Assignments [Note: this section was modified by agreement of the class]: You will have one essays, a midterm and a final examination. Unannounced quizzes may be conducted in class. Hard copies of essays are due at the beginning of class on the date indicated. Any extension must be requested in advance of the deadline and will be granted only in the event of exceptional circumstances. Papers incur a one-third letter-grade deduction when late, with additional one-third deductions for every 24 hours past the deadline.
Part I 10%
Part II 15%
Part III 75%
Total Paper Grade
Total Paper Grade 33%
Total Class Grade
Attendance: Attendance is mandatory. We will rely on each other throughout the semester to become more informed and articulate. It will be difficult for you to replicate what you miss in class, especially on those occasions when a peer’s spontaneous contribution produces an idea, a key term, a claim, or a close reading that changes our classroom conversation in the ensuing sessions, and perhaps for the duration of the course. You should regard each class discussion as a text that you help to author and for which you will be held accountable in the major assignments of the course, especially the final exam. After three absences, an additional, unexcused absence will result in a one-third letter grade deduction for the term. The next unexcused absence results in a letter grade deduction for the semester. Any student accumulating more than two unexcused absences on top of the initial three should expect to receive a failing grade for the course. On very rare occasions, extenuating circumstances may warrant an exception to this rule. Extreme or chronic tardiness may also count as absence. Please do not present documentation to excuse any of these three days; there is no distinction between excused/unexcused absences.
Note: It is entirely possible, if not guaranteed, that the reading schedule will change over the course of the semester. I reserve the right to make changes as I see fit for the best interest of the class. It is your responsibility to keep up with such changes. I will always update the reading schedule posted on the course website.
Wed, Feb 3 Roger Fry, “The French Group” (1912); Clive Bell, “The English Group” (1912); Erik Satie, “The Musician’s Day” (1913); Wyndham Lewis, from “The Cubist Room” (1914); Karl Kraus, from “In These Great Times” (1914); Guillaume Apollinaire, “Art and the War: Concerning an Allied Exhibition” (1916); the syllabus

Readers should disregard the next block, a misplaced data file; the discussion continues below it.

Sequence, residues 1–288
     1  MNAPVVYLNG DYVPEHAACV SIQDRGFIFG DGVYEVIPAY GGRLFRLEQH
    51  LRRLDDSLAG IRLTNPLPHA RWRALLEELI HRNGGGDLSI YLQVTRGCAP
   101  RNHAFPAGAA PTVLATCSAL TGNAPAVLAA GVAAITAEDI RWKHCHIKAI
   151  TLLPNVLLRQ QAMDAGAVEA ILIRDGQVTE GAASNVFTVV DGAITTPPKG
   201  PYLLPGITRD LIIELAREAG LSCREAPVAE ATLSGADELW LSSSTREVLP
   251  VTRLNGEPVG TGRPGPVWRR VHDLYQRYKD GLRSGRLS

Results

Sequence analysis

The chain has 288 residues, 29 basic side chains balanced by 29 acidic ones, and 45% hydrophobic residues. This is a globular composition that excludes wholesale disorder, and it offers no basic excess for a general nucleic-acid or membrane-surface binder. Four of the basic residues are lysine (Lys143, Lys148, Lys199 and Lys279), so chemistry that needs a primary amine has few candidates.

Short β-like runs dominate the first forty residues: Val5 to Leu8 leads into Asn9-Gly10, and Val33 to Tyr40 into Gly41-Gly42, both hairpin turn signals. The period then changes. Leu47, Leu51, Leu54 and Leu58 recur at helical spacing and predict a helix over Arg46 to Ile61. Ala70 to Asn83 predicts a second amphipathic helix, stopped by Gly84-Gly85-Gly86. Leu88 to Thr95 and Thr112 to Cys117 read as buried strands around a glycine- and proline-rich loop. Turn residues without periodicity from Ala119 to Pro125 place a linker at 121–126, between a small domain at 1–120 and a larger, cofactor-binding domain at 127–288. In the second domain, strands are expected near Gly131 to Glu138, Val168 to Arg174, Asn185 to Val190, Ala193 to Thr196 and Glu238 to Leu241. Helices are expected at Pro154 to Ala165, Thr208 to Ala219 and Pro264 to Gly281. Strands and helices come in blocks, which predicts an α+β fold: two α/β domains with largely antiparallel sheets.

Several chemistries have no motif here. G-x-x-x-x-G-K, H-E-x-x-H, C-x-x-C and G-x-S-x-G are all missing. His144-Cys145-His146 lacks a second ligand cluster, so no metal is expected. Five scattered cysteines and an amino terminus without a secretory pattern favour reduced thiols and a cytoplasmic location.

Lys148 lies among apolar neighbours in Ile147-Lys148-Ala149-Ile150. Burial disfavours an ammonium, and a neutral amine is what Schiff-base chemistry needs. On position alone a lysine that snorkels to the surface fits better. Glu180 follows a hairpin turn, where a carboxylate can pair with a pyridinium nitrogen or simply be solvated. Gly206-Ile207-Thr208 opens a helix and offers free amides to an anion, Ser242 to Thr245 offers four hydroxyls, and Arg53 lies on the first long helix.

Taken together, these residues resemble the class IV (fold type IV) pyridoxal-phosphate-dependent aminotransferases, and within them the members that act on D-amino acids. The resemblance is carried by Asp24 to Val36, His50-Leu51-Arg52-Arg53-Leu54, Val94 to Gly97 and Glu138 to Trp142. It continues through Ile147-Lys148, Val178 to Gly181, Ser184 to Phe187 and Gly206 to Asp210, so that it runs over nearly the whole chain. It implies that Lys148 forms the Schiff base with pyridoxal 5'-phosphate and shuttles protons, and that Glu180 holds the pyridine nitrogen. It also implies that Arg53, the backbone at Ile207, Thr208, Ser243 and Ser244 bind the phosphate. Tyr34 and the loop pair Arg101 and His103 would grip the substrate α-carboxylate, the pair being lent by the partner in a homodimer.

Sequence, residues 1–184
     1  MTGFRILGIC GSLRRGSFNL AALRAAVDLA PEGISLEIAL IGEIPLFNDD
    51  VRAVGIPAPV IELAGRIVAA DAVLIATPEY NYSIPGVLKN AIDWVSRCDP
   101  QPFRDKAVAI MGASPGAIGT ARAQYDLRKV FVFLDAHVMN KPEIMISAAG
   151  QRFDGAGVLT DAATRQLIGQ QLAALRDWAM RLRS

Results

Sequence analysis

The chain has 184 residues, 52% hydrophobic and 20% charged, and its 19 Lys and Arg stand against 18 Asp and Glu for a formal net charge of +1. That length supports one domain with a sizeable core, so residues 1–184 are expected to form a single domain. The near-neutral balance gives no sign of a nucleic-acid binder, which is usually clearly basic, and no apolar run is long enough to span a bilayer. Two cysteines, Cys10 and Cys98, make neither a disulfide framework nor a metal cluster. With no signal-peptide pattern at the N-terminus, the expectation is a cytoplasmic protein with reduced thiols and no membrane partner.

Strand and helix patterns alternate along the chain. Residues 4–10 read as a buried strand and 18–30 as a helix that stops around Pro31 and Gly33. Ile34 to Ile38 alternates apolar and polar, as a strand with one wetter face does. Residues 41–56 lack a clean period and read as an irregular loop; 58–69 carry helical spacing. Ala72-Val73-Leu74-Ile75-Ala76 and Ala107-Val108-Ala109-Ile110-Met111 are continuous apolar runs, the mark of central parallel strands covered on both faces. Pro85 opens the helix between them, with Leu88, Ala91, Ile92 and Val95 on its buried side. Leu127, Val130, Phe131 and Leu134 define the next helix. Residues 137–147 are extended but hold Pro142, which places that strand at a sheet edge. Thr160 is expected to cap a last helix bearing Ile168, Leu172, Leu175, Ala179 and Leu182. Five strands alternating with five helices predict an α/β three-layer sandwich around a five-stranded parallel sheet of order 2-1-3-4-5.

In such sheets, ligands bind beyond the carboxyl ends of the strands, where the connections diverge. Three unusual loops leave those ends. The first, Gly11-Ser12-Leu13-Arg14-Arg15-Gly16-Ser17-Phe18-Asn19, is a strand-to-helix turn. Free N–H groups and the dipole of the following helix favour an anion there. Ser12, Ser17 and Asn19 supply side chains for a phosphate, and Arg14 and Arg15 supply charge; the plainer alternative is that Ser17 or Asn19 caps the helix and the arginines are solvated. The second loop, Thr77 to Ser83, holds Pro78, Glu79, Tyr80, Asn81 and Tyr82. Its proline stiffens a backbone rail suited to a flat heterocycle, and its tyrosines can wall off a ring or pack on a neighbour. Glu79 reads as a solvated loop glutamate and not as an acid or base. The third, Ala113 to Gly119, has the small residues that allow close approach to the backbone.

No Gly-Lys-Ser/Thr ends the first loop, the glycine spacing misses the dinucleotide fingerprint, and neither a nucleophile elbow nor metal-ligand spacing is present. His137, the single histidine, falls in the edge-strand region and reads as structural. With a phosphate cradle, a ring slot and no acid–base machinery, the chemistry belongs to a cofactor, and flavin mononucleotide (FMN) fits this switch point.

Fri, Feb 5Manifestos Part I, cont.
Mon Feb 8Manifestos Part I, cont.
Wed, Feb 10Manifestos Part II: Ezra Pound, Personae; Flilippo Tommaso Marinetti, “The Variety Theatre” (1913); Ilya Zdanevich and Mikhail Larionov, “Why We Paint Ourselves: A Futurist Manifesto” (1913); Mina Loy, “Feminist Manifesto” (1914); Wassily Kandinsky, from “The Problem of Form” (1912); Blast (1914), selections.
Fri, Feb 12Manifestos Part II, cont.
Mon, Feb 15D. H. Lawrence, Sons and Lovers
Wed, Feb 17Lawrence, cont.
Fri, Feb 19Lawrence, cont.
Mon, Feb 22Lawrence, cont.
Wed, Feb 24Trench poets: Rupert Brooke, Siegfried Sassoon, Wilfred Owen, Isaac Rosenberg
Fri, Feb 26Trench poets, cont.
Mon, Mar 1Trench poets, cont.
Wed, Mar 3Trench poets, cont.
Fri, Mar 5The New Freewoman and The Egoist in London
Mon, Mar 8Midterm
1922: the year the world broke apart
Wed, Mar 10T. S. Eliot, The Waste Land
Fri, Mar 12Eliot, cont.
Mon, Mar 15Eliot, cont.
Wed, Mar 17Eliot, cont.
Fri, Mar 19Eliot, cont.; Paper Part I Due
Mon, Mar 29James Joyce, Ulysses, ch. 1-2
Wed, Mar 31Ulysses, ch. 3-5
Fri, Apr 2 Good Friday – No Class
Mon, Apr 5Ulysses, ch. 6-8
Wed, Apr 7Ulysses, 9-10
Fri, Apr 9Ulysses, 11-13
Mon, Apr 12Ulysses, 14-15
Wed, Apr 14Ulysses, 16-18; Whew!
Fri, Apr 16Ulysses, cont.; Paper Part II Due
Mon, Apr 19Ulysses, cont
Wed, Apr 21William Butler Yeats, “The Lake Isle of Innisfree,” “No Second Troy,” “September 1913”
Fri, Apr 23Yeats, “The Wild Swans at Coole,” “An Irish Airman Foresees His Death,” “Easter 1916”
Mon, Apr 26Yeats, “Leda and the Swan,” “The Second Coming;” T. S. Eliot, “Journey of the Magi”
Wed, Apr 28Academic Advising – No Class
Fri, Apr 30Virginia Woolf, To the Lighthouse; List of 30 articles due
Mon, May 3Woolf, cont.; Annotations for 4 articles due
Wed, May 5Woolf, cont.
Fri, May 7
Mon, May 10Final Paper Due
Wed, May 12Exam Prep
Final ExamTues, May 18 9:00am